To make this time different

BLMI haven’t said anything here about the recent Black Lives Matter protests and events. Frankly, I don’t have much to add to the insight being imparted elsewhere, except for one aspect that I want to underline.

This is going to be a long haul. Speaking as a white person to white people, we need to be ready to work for years, even our whole lives. (Black people are already there.)

The opposition will fight back. Among other strategies, it will try to use attrition — it always does. There’s money to be made by blocking justice, enough money to pay skilled people to work full time to fight to maintain white supremacy. You and I who make our livings in other ways can devote fewer of our own resources. White supremacists want to wear us down so we’ll give up, discouraged.

But just like an optical illusion, once you see what’s happening, you won’t get fooled. Exhaustion is a trick they’re playing on us. Rest if you must, but don’t stop.

If you haven’t done much so far, that’s okay. I was moved by the mass protests, but I’m worried about Covid-19, so I only went to a small, neighborhood protest, holding my little home-made sign. Covid-19 will be gone eventually. There will still be lots to do, and we’ll have more freedom to do it. Meanwhile, I’m helping with funding and carrying out projects from isolation. We’ll all find a role.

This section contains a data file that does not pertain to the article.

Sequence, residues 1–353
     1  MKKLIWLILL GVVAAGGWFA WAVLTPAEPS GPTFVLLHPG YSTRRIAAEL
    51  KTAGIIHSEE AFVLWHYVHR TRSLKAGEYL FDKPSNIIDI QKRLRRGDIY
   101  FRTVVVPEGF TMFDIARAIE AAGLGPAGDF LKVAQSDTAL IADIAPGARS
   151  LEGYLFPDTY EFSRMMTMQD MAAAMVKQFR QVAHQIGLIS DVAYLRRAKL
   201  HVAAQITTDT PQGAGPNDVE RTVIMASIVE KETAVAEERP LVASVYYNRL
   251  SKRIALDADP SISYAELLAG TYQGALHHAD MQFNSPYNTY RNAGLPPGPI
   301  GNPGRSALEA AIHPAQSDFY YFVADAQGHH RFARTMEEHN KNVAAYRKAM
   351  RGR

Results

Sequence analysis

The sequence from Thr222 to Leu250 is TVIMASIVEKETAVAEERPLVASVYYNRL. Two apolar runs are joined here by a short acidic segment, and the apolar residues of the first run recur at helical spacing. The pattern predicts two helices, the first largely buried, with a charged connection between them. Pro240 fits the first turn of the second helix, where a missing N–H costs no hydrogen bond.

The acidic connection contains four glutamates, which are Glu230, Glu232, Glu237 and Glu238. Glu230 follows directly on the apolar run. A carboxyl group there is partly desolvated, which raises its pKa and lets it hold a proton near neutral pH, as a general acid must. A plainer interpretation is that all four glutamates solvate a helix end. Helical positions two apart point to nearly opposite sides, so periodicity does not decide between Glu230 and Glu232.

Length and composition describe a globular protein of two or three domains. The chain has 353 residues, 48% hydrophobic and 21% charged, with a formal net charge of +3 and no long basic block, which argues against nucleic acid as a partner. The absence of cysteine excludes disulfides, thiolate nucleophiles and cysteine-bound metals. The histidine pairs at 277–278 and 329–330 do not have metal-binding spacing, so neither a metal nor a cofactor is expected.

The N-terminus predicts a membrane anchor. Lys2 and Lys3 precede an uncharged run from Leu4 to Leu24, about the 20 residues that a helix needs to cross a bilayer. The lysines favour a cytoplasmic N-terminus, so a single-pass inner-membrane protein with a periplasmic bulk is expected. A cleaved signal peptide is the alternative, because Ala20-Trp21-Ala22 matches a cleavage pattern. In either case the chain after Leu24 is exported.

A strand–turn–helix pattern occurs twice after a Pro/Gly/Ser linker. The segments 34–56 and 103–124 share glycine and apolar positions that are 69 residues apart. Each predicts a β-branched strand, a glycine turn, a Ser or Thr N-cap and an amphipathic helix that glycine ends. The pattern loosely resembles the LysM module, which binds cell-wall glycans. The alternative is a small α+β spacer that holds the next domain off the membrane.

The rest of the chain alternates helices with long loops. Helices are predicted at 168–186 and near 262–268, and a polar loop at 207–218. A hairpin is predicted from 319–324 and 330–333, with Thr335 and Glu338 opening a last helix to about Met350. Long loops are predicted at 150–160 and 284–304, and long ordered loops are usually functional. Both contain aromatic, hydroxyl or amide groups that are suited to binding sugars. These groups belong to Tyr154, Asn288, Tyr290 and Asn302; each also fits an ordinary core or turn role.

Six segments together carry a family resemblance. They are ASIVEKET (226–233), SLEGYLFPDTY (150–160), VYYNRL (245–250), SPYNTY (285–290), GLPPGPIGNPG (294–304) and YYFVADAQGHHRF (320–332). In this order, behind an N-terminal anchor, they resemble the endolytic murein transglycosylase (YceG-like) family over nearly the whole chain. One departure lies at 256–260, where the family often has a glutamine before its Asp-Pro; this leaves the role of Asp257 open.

If you don’t think you understand the issue well enough, that’s okay. Read books, watch videos, and seek out Black viewpoints. It’s not Black people’s burden to teach us, but they are generously sharing an enormous wealth of wisdom.

If your life leaves you with little to give, at a minimum, register and vote. If you think voting doesn’t matter, then why would anyone try to suppress it?

Finally, whatever you do, make a material, not symbolic, difference. This little TikTok video by Joy Oladokun skewers fast, superficial cures to racism.

Words and expressions first used in the year when I was born

SueBurkeToddler235I recently had a birthday. Can you guess how long ago I was born? Here are some words that were first recorded that year by Merriam-Webster. Some of the words surprised me.

aerospace
big bang theory
counterintuitive
exurbia
fabric softener
gangbusters
hidden agenda
intensive care unit
jazzed
kegger
liner notes
mind-boggling
New Left
off-gas
pinball
red panda
sheesh
technophile
underemphasize
veggie
weirdo
zinger

Find out which year and see more of its surprising words at Merriam-Webster.com Time Traveler.

Dad’s three rules for workplace success

 

Headshot of my father

Dad

For Father’s Day

Late one Friday decades ago when the fish weren’t biting, Dad decided that instead of trying to catch those uncooperative fish, he and I could spend our time better having a beer at the little tavern in Green Lake Terrace, Wisconsin, where we had a summer home.

From the comfort of a bar stool, he told me three secrets to success at work — and he’d had a variety of experiences in life.

1. Always stay as polite as you can for as long as you can. If you start out mad, where can you go from there? Besides, if you’re polite, calm, and rational, the person you’re dealing with will feel obliged to act that way, too, and this is more likely to lead to success.